HEALTHCARE: Pent-up demand, election uncertainty, and pains of COVID-19 driving uptick in M&A activity
Six months into the pandemic, CohnReznick, Cross Keys Capital, and McDermott Will & Emery co-hosted our third of three healthcare roundtables, this time focusing on future deal activity.
The consensus among the operators and investors who participated was that despite year-to-date healthcare M&A activity lagging compared to the same time last year, expectations are for a robust ramp-up in deal activity by the fourth quarter and a return to pre-pandemic levels.
Most participants said they have been working on transactions, many with multiple deals under exclusivity. Not only is there pent-up demand resulting from deals put on hold at the start of COVID-19, there is also a growing market among smaller physician groups and practices with aging physicians, who are literally feeling bruised and battered. The pain of having revenues drop to nearly zero overnight, coupled with the challenges of ramping up, feels like a steep mountain to climb. This has resulted in a shift in mindset: Those who were not previously considering a transaction are now contemplating retiring, selling, or consolidating.
After two months of shutdown, the speed of ramp-up in volume has exceeded forecasts across many healthcare specialties. In fact, in some instances, patient volumes and procedures are higher now than they were pre-pandemic. While these levels may not be sustainable, given that much of the pent-up demand likely resulted from patients being unable to visit the doctor and delayed elective procedures, they bode well for the industry’s overall outlook.
The looming U.S. presidential election and its uncertain outcome are another major factor driving the uptick in M&A activity. A potential change in administration under a President Biden would likely result in changes to both income and capital gains tax rates. For many physicians, getting a deal done before year-end and converting their income stream into capital is appealing. Many would rather earn reduced ongoing compensation and convert excessive compensation/distributions into a multiple of EBITDA, taxed at the capital gains rate. It’s a very attractive option.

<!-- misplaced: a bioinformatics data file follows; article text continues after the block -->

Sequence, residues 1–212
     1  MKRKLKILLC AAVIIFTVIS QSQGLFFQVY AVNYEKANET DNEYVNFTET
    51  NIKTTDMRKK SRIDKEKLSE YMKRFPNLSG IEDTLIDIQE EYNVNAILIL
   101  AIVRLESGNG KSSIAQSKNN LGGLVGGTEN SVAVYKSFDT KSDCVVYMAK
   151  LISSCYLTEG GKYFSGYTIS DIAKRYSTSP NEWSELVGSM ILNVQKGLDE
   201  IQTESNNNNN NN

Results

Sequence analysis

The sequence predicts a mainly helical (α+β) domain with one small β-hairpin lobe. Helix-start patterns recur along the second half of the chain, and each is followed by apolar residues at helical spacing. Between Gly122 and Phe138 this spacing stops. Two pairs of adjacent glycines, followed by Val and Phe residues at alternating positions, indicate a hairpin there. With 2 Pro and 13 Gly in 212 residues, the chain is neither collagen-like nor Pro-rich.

Valuations are holding out for quality assets. Investors are discounting the COVID-19 impact in assessing EBITDA in historical financials. Pro forma COVID-19 adjustments that normalize earnings based on historical run-rates are an acceptable basis underpinning valuation, especially given what we have seen with the speed of ramp-up, and at a minimum achieving or exceeding ramp-up period budgets.
We also heard about creative structures. Many investors and strategics making acquisitions don’t prefer traditional earn-out structures. They don’t align interests and make it difficult to integrate and achieve synergies during the earn-out period. Instead, deals are being structured based on achieving procedure/visits targets, which are not impacted by changes in the practices’ cost structure or negotiated payor rates, and so on.
In addition to deal activity, staffing constraints remain top of mind for the industry. Consistent with what we heard in our last roundtable, participants are experiencing a shortage of qualified resources, and demand exceeding supply is a major pain point. Physician practice management companies (PPMs) are feeling wage pressure as staff are poached and lured away by higher wages. It remains to be seen what the longer-term impact will be, and if this is symptomatic of the pent-up patient demand or an ongoing industry problem.
There is also uncertainty surrounding reimbursement policies going forward, given some of the government relief packages. The industry received billions of dollars in aid, but in the longer term, the question remains as to whether government will claw back these benefits through lower reimbursements. It’s something everyone will keep an eye on over the next 12 to 24 months. That said, changes to reimbursement rates and methodologies have been an ongoing industry challenge and something the industry has had to adapt to. The future will be no different as the healthcare industry moves away from volume and more so toward value. Those providers who will thrive in the future will be those who can balance costs and provide high quality of care. Reimbursement will be tied more closely to managing the wellness of those served, not just treating the illnesses that come along.
In summary, the key takeaway is that healthcare is resilient. Those who are committed to the industry, and who learn to deal with a constantly changing environment, will reap the benefits and emerge as winners.
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